Science proves it: threesomes really are on the rise

Science proves it: threesomes really are on the rise

SexJuly 08, 2019 By Eleanor Gray

"Ezra" is attractive and adventurous, and she wants to be a unicorn. 

Not a mythical horse with magic powers. 

Ezra, 26, wants to gallop into other couples' beds, to complete the mythical threesome. 

That role is called a unicorn because many people don't believe they exist. Because while there are threesomes all over the Internet, the Hulk is all over the Internet, too. 

But Ezra is real; she's been cruising the gender-fluid bars, challenging open-looking couples to skeeball games. She's scrolled through Feeld, which is Tinder for threesomes, and gotten plenty of responses. 

She's not alone. 

Science suggests threesomes aren't just confined to your Internet algorithm. Real-life threesomes are on the rise. 

What a time to be alive. 

In a recent study published in PLoS One, about 2,000 adults revealed that, while threesomes aren't clogging the streets and causing traffic jams, threesomes aren't unusual. 

One in seven Americans has had a threesome in their lifetimes.

Is that a lot? For comparison, one in seven Americans will go to a Super Bowl party, and one in seven are television "cord cutters." 

In other words: not most people, but lots of people.

Way more than at any time in human history. 

It's different by gender: one in five men, and one in 10 women have had a threesome. If those numbers don't match, they don't have to: there are lots of dudes having MMF threesomes with some very, very special ladies. 

(Curiosity is greater than execution: 82 percent of men and 31 percent of women are interested in a saucy triumvirate, according to a study in the journal Sexualities, Evolution and Gender. What's holding these folks back? Shame, lack of opportunity, residual stigma against queerness.)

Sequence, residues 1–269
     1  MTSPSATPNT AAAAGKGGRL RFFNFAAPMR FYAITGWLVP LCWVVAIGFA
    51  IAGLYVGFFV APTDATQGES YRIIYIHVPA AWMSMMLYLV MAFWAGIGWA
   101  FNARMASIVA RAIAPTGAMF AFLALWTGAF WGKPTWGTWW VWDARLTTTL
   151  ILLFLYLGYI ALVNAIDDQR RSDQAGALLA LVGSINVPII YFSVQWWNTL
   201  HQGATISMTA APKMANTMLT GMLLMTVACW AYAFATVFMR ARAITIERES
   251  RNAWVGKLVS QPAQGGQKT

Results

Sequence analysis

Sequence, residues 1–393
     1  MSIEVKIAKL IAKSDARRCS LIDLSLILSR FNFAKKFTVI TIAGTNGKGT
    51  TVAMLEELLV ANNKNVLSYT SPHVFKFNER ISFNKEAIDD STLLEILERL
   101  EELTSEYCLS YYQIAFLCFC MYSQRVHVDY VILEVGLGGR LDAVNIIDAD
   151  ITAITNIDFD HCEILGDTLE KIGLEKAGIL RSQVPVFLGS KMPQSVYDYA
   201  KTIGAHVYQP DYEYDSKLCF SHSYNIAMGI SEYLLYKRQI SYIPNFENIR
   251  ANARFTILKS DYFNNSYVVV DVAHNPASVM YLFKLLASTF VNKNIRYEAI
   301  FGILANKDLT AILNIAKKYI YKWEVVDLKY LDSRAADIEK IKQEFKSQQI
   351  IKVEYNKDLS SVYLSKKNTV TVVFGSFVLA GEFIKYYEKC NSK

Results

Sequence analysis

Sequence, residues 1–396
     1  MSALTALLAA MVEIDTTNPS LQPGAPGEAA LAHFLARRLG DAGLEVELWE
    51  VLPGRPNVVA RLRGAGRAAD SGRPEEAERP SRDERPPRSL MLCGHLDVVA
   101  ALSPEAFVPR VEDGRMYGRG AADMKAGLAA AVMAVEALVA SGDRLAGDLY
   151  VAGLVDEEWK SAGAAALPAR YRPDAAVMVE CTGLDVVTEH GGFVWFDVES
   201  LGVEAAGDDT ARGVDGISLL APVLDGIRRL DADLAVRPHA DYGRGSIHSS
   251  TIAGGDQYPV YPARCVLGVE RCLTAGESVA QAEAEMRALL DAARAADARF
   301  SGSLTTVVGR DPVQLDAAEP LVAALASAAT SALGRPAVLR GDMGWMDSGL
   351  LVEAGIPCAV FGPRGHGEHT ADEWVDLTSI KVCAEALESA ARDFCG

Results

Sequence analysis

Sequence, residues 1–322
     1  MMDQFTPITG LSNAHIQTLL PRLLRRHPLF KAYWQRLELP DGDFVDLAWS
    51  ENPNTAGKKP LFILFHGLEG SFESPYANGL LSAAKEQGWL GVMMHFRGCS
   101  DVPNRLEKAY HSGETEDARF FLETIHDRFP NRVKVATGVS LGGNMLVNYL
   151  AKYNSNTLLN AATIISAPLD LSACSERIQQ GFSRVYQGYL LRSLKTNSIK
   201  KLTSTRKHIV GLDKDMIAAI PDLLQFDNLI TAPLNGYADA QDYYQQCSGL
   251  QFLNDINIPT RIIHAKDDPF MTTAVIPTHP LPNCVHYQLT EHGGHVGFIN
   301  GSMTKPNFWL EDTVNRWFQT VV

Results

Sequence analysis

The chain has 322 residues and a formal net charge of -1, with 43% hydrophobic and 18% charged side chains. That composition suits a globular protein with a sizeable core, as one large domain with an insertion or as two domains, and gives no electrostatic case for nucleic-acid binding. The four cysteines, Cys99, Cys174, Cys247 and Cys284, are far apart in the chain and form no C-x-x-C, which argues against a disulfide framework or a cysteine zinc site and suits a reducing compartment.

And what's behind the rise in threesomes? Experts point to porn, where threesomes rise to the top of the algorithms, and women are actually more likely to search for "threesome" than men, according to PornHub. And to the loosening grip of Abrahamic faiths like Christianity and Judaism, which preach monogamy and straightness. 

Whatever the cultural factors, the people — the actual humans — causing the rise in threesomes are women: mostly post-college females — people like Ezra. 

Women in their late twenties are driving the trend in threesomes, as 18 percent have triangled. Six percent had one in the last year. Those are higher numbers than men in the same age bracket. 

On the other hand, almost no super-old ladies have three-wayed, according to the study. (Although Martha Stewart, 77, says "maybe." [And one in ten men over 70 have had threesomes, which — good for you, grandpa.]) 

Why are younger women interested? Everyone has their reasons. For Ezra, who is mostly lesbian, "I'm exploring my sexuality … and attracted to the prospect of being intimate with a man without it having to be one-on-one."

For now, Ezra is going to keep cruising the queer-ish bars, maybe letting word drop that she's a unicorn. And if it happens, it happen. 

"I want it to happen organically," Ezra says. "I met a really hot couple at [a bar] last night." They made her smile — and maybe neigh a little bit.

[Cover photo: Three attractive people. From Shutterstock.]